Chris Butcher, CEO of Ambant
Underwriting Services, sets out the 10 key challenges and how to conquer them to make sure your MGA start-up is a success
- Take real ownership: Entrepreneurial flair of the key individual is essential - it has to be combined with motivation and drive, as well as common sense. There needs to be 100% ownership of the idea, and 100% commitment to it.
- Distribution. You might have the best product in the market but unless you can get it to the client you will fail. Distribution is the most important component. You’ve got to know how to get it to your customer. This may well be through the broker but increasingly we are seeing MGAs in certain sectors using digital marketing and other channels to go direct to the client. You need to understand how the customer wants your product delivered and then ensure you can deliver it.
- Clarity of vision. You have the product, you have the drive to build the business but you also need to have a clear strategy for how and when you want to exit. Consider the exit plan, and make sure that spells out the route from start-up to exactly when you want to exit, however far away that might be. Think very carefully about shareholder agreements. It needs to be robust and it needs to make it clear where you are heading. We have seen an example where a business has collapsed because of a poor shareholder agreement.
- Your business plan. Like it or not, you've got to spend time preparing then reading and refining your business plan, whether it's for raising capital, convincing a carrier or presenting to the regulator. You can make the pitch face to face but it is the business plan that you will leave with the regulator or the investors, and that is what you’ll be judged on. It also makes it clear that you have an understanding and are aware of all facets of the business, not just the product you are looking to provide.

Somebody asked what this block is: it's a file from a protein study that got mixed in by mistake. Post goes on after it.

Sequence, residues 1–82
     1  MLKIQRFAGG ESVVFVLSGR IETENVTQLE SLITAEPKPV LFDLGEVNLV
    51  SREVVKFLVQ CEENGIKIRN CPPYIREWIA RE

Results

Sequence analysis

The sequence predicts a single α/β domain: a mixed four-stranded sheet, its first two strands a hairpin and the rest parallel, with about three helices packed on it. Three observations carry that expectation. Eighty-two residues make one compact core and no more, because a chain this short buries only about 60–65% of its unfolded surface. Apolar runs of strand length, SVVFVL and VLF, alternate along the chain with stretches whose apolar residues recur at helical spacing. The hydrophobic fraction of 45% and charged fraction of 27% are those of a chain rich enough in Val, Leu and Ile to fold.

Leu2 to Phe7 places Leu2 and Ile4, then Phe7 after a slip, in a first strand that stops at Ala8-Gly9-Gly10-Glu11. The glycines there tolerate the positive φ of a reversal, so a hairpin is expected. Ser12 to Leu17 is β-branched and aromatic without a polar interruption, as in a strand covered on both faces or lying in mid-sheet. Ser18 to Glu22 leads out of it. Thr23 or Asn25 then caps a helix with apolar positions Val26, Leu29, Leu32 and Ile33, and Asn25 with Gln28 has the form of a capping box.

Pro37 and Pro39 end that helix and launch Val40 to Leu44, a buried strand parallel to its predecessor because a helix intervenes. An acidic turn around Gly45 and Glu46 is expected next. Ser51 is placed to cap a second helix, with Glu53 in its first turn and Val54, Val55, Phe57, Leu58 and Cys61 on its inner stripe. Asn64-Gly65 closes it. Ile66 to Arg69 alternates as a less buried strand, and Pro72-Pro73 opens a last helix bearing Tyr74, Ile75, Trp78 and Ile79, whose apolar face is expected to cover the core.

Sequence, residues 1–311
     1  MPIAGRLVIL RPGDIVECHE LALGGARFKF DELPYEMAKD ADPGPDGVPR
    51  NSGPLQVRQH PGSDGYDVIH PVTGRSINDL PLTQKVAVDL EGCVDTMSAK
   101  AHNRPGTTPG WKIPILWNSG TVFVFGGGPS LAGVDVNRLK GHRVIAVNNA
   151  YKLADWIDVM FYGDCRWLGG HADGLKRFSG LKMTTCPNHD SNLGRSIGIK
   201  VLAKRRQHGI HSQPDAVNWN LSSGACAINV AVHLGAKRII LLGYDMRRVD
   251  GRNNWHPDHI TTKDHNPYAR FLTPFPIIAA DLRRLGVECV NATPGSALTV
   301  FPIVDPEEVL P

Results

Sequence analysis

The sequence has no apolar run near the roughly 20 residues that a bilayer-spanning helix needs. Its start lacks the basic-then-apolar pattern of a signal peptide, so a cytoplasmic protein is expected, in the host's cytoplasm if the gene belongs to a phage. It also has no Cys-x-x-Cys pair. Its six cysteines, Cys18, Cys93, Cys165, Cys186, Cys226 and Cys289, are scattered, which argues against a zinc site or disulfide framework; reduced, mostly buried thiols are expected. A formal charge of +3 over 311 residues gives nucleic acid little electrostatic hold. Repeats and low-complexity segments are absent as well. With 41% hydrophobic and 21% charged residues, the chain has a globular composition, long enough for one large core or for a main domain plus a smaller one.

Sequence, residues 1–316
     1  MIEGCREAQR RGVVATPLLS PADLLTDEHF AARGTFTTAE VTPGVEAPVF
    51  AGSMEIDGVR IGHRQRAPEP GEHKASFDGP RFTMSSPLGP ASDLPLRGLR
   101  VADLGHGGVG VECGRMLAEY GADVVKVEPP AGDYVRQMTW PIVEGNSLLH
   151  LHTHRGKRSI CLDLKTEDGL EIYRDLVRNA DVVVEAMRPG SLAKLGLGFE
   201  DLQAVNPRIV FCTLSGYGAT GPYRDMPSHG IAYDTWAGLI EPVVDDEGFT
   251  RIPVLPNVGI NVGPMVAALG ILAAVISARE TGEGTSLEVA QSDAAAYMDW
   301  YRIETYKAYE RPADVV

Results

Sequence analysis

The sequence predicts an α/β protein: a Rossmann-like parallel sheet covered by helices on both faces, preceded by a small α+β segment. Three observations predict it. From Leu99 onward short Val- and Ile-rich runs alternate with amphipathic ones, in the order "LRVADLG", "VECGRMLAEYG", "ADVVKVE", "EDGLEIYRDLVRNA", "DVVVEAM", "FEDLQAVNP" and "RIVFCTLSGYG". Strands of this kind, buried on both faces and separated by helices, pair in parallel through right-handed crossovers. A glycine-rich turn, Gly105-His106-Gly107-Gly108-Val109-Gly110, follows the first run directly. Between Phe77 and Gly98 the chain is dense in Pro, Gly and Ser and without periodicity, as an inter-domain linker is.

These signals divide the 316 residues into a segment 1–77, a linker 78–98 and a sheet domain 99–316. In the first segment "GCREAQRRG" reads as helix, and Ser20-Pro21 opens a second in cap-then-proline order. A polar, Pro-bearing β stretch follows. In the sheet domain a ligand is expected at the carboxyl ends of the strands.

- Market testing: It might sound simple, but if at all possible look to see if your idea and product will fly before you commit. We have seen individuals and teams leave good, well-paid jobs and simply just have a go, only to find the idea is not progressing how they imagined. If possible, test it out beforehand.
- Talking to your suppliers: Engage with as many people as you can for each part of your business idea - capital raising, marketing, infrastructure. Consider a beauty parade, many firms will expect they will have to convince you as to what they can bring to your business compared to their peers.
- Capital: Make sure that there’s sufficient working capital/source of funding for the first couple of years. One of the biggest mistakes we see is firms not adequately financing their business. You have to be realistically pessimistic when it comes to calculating the amount of capital behind the business. Cash flow can always be a problem, as can unforeseen expenses.
- Technology: IT is more difficult than you’d expect and takes longer to implement. Expect delays and hold-ups and build contingency into your cash flow projections.
- Finding an insurance partner: Try to have some ideas early on as to who you’ll work with. The big brokers are always keen to source capacity but that does not mean they are always successful. It is far better to approach the issue with a clear idea of an insurance partner or even better with a commitment which means you can build the capacity via the broker
- Operational support: Ensure that operational support around the business is both efficient and scalable. You need to concentrate on delivering the business and therefore your choice of partner to provide operational support is key. It needs to be scalable and flexible and have the ability to grow with you. Experience in working with successful MGAs is also an asset, as is a clear structure for charging which takes into account the stage at where your business finds itself.
Interested in finding out more? Chris Butcher explains why creating an MGA could be worth your while